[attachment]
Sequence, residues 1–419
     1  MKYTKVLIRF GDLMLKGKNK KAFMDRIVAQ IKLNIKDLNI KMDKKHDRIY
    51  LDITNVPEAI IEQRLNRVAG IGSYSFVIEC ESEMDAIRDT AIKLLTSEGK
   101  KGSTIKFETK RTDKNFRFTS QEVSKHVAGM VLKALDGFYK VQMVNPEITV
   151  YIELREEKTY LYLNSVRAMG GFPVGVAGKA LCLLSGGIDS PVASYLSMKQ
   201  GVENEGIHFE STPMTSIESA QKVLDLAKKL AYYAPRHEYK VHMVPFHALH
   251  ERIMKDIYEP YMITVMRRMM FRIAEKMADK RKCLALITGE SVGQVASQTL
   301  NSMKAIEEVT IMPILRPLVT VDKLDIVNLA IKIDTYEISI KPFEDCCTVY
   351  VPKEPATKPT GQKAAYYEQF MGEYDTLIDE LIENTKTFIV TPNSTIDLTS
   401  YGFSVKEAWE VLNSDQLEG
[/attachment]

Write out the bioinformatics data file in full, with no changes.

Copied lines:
Sequence, residues 1–419
     1  MKYTKVLIRF GDLMLKGKNK KAFMDRIVAQ IKLNIKDLNI KMDKKHDRIY
    51  LDITNVPEAI IEQRLNRVAG IGSYSFVIEC ESEMDAIRDT AIKLLTSEGK
   101  KGSTIKFETK RTDKNFRFTS QEVSKHVAGM VLKALDGFYK VQMVNPEITV
   151  YIELREEKTY LYLNSVRAMG GFPVGVAGKA LCLLSGGIDS PVASYLSMKQ
   201  GVENEGIHFE STPMTSIESA QKVLDLAKKL AYYAPRHEYK VHMVPFHALH
   251  ERIMKDIYEP YMITVMRRMM FRIAEKMADK RKCLALITGE SVGQVASQTL
   301  NSMKAIEEVT IMPILRPLVT VDKLDIVNLA IKIDTYEISI KPFEDCCTVY
   351  VPKEPATKPT GQKAAYYEQF MGEYDTLIDE LIENTKTFIV TPNSTIDLTS
   401  YGFSVKEAWE VLNSDQLEG